January 5


Recovering after a hard gym session | FIFO Workout Advice

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Over the last several years, tough high-intensity workouts have been #trending. Certainly, up at site, I see groups of guys and girls getting together to tackle a hard fitness session. The trouble is, working FIFO can slightly compromise your recovery after a tough workout session. So what can FIFO workers do to maximise their chances of a good recovery? Below, we'll look at 4 key ways to help your body adapt to a tough workout regime while you're on site.


Tough gym sessions remain popular, so a good workout recovery strategy is vital

Whether they're WOD-style with a barbell, bodyweight HIIT sessions, or a circuit gym session, tough workouts can take a toll on your body. But that's why we do them, right?

Training at high intensity can bring several benefits to your body. Often, they're time-efficient too. I believe that's why many FIFO workers choose this style of training while away at site. They can get a whole body workout done in a short space of time.

Further to the physical benefits, there's the mental aspect of training tough too. After a particularly gruelling gym session, there's nothing better than the feeling afterwards.

The emotion of it being over, and knowing you completed it.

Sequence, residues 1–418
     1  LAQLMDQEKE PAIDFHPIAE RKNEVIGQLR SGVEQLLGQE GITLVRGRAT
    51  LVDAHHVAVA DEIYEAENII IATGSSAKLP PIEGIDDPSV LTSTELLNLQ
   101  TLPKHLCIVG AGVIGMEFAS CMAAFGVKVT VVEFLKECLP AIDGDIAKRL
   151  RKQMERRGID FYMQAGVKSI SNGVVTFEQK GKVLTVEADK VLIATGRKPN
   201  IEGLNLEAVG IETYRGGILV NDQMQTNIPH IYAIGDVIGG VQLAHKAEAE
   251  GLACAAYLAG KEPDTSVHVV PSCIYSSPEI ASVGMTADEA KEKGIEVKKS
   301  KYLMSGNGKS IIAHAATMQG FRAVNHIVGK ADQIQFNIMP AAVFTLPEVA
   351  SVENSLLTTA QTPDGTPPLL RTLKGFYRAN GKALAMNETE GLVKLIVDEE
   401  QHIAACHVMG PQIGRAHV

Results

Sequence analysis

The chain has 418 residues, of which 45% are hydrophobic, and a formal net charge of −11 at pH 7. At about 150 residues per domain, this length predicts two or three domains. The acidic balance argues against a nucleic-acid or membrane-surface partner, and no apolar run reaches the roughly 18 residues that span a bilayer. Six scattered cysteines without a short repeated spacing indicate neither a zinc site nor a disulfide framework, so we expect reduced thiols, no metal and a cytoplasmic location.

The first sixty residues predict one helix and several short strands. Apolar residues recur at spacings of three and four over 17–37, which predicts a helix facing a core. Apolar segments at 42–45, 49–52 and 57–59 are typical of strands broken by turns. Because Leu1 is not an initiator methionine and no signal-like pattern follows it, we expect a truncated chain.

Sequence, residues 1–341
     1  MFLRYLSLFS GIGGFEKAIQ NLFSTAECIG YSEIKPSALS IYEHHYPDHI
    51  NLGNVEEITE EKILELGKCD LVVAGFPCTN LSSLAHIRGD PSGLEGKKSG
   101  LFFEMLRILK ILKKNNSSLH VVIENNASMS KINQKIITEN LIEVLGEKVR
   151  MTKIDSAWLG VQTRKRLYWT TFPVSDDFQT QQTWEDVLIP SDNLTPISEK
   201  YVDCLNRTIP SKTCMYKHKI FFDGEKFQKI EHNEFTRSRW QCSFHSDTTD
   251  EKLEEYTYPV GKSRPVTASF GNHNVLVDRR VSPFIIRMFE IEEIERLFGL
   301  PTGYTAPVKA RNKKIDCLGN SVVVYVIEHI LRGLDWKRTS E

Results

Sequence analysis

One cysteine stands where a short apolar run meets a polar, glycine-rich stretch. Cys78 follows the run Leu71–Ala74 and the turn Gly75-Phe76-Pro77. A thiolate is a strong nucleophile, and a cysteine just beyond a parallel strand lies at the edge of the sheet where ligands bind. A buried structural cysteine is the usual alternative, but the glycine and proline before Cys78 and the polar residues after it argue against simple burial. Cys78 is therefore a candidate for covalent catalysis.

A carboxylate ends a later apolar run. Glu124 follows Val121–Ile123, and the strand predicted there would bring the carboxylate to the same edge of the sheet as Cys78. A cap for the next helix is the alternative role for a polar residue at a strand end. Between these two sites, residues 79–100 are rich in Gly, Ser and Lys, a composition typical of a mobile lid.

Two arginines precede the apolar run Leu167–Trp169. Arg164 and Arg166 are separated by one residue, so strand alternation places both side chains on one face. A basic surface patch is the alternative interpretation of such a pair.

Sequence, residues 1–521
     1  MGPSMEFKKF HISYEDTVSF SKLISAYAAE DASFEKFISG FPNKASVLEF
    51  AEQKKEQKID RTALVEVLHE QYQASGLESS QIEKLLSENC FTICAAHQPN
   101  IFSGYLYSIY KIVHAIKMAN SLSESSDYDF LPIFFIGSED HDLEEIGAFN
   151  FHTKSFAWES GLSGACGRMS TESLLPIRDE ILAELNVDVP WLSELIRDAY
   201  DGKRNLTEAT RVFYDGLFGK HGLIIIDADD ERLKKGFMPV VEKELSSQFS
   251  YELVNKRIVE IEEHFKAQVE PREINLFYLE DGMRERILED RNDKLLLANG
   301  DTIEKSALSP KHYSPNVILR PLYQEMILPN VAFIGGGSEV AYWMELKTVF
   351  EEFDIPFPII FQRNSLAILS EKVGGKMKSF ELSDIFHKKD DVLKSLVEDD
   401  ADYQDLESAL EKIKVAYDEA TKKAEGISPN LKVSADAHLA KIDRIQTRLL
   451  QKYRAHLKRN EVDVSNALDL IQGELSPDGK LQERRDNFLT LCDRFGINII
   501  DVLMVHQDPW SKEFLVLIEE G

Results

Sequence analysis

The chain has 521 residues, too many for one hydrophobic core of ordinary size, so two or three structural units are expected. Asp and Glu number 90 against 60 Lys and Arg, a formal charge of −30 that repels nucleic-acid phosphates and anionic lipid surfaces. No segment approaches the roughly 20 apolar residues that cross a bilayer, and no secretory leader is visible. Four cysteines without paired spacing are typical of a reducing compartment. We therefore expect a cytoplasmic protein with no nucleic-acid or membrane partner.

Your heart rate is high, sweat pours from your body and the endorphin levels are peaking.

You feel great.

some of the world's top athletes will have a sleep target of between 9 and 10 hours per night

To remain feeling our best though, and to make sure we can continually progress in the gym, we should pay attention to how we recover after our workouts.

A good workout recovery strategy will help us to get back up and go again. It'll allow us to get our body moving efficiently, ready for the next challenge it faces on the other side of the gym doo.

Sleep is the #1 best workout recovery tool

If you can do nothing else to improve your health and wellbeing, make sure you sleep well.

Sleeping poorly slows down our body's recovery process. Your muscles, joints and tissues won't recuperate as well without a good night's sleep. As a result, you'll feel sluggish, sore and move poorly during your next gym session.

Single Bed at a FIFO remote mine site in the Pilbara

Likewise, for top physical and mental performance, adequate sleep is a necessity.

For example, some of the world's top athletes will have a sleep target of between 9 and 10 hours per night.

I don't think I've met any FIFO worker who gets that much sleep at site.

But that doesn't mean we shouldn't look to improve our sleep health as far as possible.